Does Facebook allow strangers and the ill-intentioned to collect personal data without the knowledge of its users? Of course, Facebook sits atop mountains of valuable personal information. The safety and security of so much information stored in one place is suspect. By now, the wise know that if information is private and meant to be guarded, they should never post it on Facebook.
Many wonder just what Facebook information is shared by third parties. In other words, what can be viewed publicly, even by people who aren't Facebook friends in a social network, or even by people who aren't members of Facebook?
Many users love Facebook applications. Facebook apps seem like harmless games and fun, but are they?
Here is some recent news:
"Security firm Symantec has discovered a security flaw in Facebook that inadvertently gives advertisers and other outside parties access to people's accounts. But Facebook said it has fixed the problem and found no evidence that any private information was shared with any outside party.
"Symantec said Tuesday that the outside parties may not even have realized that they were able to access users' profiles, photos and chats.
"The problem was leaking "access tokens," which are akin to spare keys that let apps access your profile if you gave them permission, Symantec researcher Nishant Doshi said in a blog post.
"Doshi estimates that some 100,000 applications were enabling the data leak as of April. Over the years, however, hundreds of thousands of applications may have accidentally leaked millions of access tokens to outside parties." (Barbara Ortutay, "Facebook Apps Leaked Data: No Evidence of Misuse," Associated Press Yahoo News, May 11 2011)
When third-party apps are installed, users selectively grant them permission to access profile data. In certain situations, a token can be passed by Facebook to these third-party applications "potentially on purpose and unfortunately very commonly by accident" in the referrer field of Web-based data requests. That data, in turn, can be shared with other third parties. (Bob Sullivan, "Facebook Flaw Leaked Millions Of User Account Access Tokens," The Red Tape Chronicles msnbc.com, 2011)
This incident is not the first time Facebook has been accused of leaking critical data to third parties. Last fall, The Wall Street Journal found that many popular apps were transmitting Facebook user ID information to third parties, regardless of user privacy settings. (Emily Steel and Geoffrey A. Miller, "Facebook In Privacy Breech," The Wall Street Journal, October 18 2010)
What are Facebook apps? "Apps" are pieces of software that let Facebook's 500 million users play games or share common interests with one another. Steel and Miller said that all of the 10 most popular apps on Facebook were transmitting users' IDs to outside companies.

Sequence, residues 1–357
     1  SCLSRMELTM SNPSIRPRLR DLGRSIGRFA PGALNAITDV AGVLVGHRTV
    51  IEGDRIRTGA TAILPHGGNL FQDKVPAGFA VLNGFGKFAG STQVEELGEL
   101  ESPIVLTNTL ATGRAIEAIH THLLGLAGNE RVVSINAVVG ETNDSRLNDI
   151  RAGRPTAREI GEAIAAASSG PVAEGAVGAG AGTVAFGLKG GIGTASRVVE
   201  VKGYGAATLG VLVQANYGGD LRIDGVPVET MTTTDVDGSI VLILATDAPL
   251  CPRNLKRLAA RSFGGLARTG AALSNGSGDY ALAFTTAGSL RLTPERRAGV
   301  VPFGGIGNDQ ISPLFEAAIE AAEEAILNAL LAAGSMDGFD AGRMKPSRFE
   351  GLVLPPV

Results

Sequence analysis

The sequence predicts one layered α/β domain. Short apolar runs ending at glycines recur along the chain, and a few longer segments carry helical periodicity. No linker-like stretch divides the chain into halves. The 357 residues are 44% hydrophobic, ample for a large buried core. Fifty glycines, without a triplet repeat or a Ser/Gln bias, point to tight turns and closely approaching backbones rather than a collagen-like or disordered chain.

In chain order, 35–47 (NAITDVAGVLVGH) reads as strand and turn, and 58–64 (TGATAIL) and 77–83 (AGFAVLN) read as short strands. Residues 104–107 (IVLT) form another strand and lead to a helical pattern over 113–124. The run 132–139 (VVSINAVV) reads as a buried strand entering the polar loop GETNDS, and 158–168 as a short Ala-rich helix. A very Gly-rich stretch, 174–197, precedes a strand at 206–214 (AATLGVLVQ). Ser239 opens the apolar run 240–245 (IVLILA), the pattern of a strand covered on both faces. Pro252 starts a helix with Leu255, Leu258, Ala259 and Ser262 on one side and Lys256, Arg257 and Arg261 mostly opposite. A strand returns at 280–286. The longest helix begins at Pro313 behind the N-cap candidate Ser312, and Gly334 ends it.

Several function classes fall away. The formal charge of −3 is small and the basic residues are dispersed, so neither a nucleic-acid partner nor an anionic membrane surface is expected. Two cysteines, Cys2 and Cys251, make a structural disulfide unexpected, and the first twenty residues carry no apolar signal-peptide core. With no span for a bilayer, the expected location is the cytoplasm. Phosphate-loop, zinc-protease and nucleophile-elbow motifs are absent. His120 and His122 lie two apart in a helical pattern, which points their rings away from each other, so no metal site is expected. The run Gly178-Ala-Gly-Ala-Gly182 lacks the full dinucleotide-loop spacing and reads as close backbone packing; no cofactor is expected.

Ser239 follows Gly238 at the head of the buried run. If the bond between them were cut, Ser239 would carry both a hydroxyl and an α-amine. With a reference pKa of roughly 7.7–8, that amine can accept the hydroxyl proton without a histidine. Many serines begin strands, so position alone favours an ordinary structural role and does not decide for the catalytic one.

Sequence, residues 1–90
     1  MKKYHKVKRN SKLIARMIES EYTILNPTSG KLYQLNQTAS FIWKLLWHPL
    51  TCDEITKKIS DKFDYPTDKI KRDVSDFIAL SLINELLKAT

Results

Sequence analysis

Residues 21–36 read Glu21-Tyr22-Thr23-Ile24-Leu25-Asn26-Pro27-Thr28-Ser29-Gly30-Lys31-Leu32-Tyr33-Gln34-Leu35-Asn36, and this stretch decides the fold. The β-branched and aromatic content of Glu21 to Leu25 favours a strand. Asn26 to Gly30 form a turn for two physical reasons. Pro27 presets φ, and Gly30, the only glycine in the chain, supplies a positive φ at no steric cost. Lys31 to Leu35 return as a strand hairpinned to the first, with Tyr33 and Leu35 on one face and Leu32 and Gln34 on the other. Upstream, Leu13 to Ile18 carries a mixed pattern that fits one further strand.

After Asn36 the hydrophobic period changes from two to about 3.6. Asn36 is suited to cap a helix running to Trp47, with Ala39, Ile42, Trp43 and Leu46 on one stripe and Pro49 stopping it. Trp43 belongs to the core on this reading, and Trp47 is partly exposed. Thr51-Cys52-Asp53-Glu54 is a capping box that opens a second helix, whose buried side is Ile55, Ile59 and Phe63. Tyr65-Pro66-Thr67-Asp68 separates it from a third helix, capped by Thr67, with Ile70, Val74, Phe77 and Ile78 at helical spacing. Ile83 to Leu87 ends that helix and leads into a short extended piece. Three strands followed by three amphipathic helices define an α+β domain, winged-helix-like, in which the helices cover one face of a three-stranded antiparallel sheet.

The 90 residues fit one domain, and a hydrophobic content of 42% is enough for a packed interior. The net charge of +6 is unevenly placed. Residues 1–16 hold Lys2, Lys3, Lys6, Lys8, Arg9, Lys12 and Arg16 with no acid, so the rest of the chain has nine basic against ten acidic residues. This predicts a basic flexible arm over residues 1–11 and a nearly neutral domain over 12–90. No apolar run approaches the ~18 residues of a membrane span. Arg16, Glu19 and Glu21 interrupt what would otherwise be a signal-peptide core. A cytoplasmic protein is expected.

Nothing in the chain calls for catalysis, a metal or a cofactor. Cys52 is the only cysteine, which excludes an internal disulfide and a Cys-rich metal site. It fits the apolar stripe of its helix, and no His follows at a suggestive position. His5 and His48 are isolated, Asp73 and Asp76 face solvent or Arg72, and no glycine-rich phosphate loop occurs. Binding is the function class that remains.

The apps, ranked by research company Inside Network Inc. (based on monthly users), include Zynga Game Network Inc.'s FarmVille, with 59 million users, and Texas HoldEm Poker and FrontierVille. Steel and Miller reported that three of the top 10 apps, including FarmVille, also had been transmitting personal information about a user's friends to outside companies.
Applications are also a growing source of revenue beyond advertising for Facebook itself, which sells its own virtual currency that can be used to pay for games.
Steven Levy ("Facebook's Stealth Attack on Google Exposes Its Own Privacy Problem," WIRED, May 13 2011) reported, "Facebook used to have an implicit promise with its users. Basically the deal was what goes on Facebook stays on Facebook. But over the past couple of years Facebook has chosen to alter the deal."
But, Levy continued, "Certain profile information became available outside of Facebook, easily searchable via Google and other means. (Users can opt out of showing this but relatively few do.) Some of that profile information includes a few of the people on the user's friend list. By repeatedly pinging public profiles, it's possible for Google or anyone else to figure out pretty much all your friends."
What Is the Bottom Line?
So, it seems that Facebook has put information on the open web by default. Let it be so. What, besides apps, should be regarded as questionable information on Facebook accounts? Certain precautions can be taken by the Facebook faithful to insure a degree of privacy. Still, the question remains: What information will continue to leak into the hands of strangers?
A point or two to consider:
1. Unless people actively take steps to opt out, it's possible for "friends of friends" (i.e., strangers) to view someone's personal information on Facebook.
2. Most people do not take steps to hide their connections and a Facebook user's friend list is open by default to half a billion Facebook users.
Here is a site that titled "How to Protect Your Private Information On Facebook."